The DMR is working with the Department of Co-operative Governance and Traditional Affairs, the Department of Human Settlements, municipalities and business (through the Mining Industry Growth Development and Employment Task Team) to ensure that mines’ SLPs are aligned with the IDPs.

An initiative aimed at providing services to communities around the mine led to the establishment of a community centre, including a clinic and a community hall, in Blybank, where the authorities would prefer people to settle and live. Sibanye has partnered with the Gauteng DoH and the Merafong municipality in this R4.5 million project. Construction of a healthcare facility began in October 2013 and is scheduled for completion by the end of March 2014. Some 25 people, including members of the local community, are employed on the project.

Although the municipality and government believe that the informal settlements should be integrated into existing communities, such as Blybank, they have yet to convince the local population that this is the best route to follow. One of the concerns is that Blybank is further away from the mine so the community’s transport costs are higher.

Another major factor is the LOA paid to mineworkers. The LOA is not used for its intended purpose: to enable mineworkers to buy their own homes. The current accommodation rate in informal settlements is R250 per month. Mine employees often use the rest of the R1,820 LOA to support extended families in the labour sending areas from where many of the residents of informal settlements originate.

“The LOA is commendable but it has the unintended consequence of stimulating the growth of informal settlements,” says Albie Nieuwoudt, executive director: Economic Development and Planning for the Merafong City Local Municipality. “The landlords and the mines unwittingly exacerbate the problem by providing services such as electricity, sanitation, waste removal and water, attracting people to informal settlements where crime is also rampant.”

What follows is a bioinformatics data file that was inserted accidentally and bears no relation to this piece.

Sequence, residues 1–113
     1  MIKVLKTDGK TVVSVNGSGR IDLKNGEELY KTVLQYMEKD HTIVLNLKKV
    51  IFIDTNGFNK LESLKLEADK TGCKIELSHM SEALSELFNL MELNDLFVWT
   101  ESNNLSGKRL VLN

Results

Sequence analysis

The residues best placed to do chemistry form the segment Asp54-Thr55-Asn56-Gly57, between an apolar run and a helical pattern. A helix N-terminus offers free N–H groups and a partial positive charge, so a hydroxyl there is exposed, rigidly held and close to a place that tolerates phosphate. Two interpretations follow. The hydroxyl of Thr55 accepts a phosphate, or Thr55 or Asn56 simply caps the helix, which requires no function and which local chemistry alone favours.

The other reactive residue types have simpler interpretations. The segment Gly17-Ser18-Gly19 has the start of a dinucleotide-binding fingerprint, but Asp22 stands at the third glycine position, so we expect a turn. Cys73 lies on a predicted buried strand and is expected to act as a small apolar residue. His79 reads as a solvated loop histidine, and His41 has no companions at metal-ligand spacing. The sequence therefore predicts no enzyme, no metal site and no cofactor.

Sibanye realises that many mineworkers would rather not invest in their own homes around the mine as the area is not viewed as a permanent residence but a temporary place of work. Some employees prefer to reside in hostels or family units on the mine, but this accommodation is also temporary. Unfortunately, this is yet another stumbling block on the road to finding a permanent solution.

Realising that informal settlements present a complicated issue that cannot be resolved overnight, Sibanye is formulating a formal strategy with its partners and continues to engage with the local municipality as well as government to ensure strategic alignment.

The details below are based on the Driefontein Operation and the socio-economic factors that affect the informal settlement nearby. Further information may be found in the Driefontein Mine Socio- Economic Survey: Report, Urban-Econ Development Economists and Zeal Health Innovations, published on 31 March 2009.

Land use
Total number of structures 1,235
Average number of rooms per structure 4.11
Number of rooms 4,111
Average household size 1.7
Population size 6,811
Number of businesses 76
  1. Source: Driefontein Mine Socio-Economic Survey: Report, Urban-Econ Development Economists and Zeal Health Innovations, 31 March 2009.
Demographic profile
Nationalities South Africa: 67% Lesotho: 18% Other: 15%
Languages isiXhosa: 40% Sesotho: 33.5% Other: 26.5%
Gender distribution Male: 59.8% Female: 40.2%
Age distribution 0-14 year olds: 15.4% 15-64 year olds: 84% 65 years and older: 0.6%
Residents renting 66.3%
Average monthly rent R174.13
Average monthly income R3,972.90

Access to household services

Electricity: 27.9%
  No waste disposal: 33.1%
  Flushing or chemical toilets: 22.6%
  Pit latrines: 65.9%
  Water less than 20m from dwelling: 73.3%
  Use cell phones or telephone inside dwelling: 87.1%
  Use mobile clinics as main medical facility: 85.7%

Education and employment

Some primary or no education: 39.7%
  Employment rate: 67.0%
  Unemployment rate: 33.0%
  Males unemployed: 15.5%
  Females unemployed: 42.1%
  Males employed in formal sector: 92.0%
  Females employed in formal sector: 8.0%
  Work for Sibanye: 85.2%
  Walk to work: 84.7%
  Walk to school: 45.5%
  Children attending school, 10 years old and younger: 63.1%

Community

Residents who want to stay in the informal settlements: 78%
  Opportunities at Driefontein Operation as the main reason for moving to
  the area: 72.4%
  Residents who would prefer to move to Blybank: 27.5%
  1. Source: Driefontein Mine Socio-Economic Survey: Report, Urban-Econ Development Economists and Zeal Health Innovations, 31 March 2009.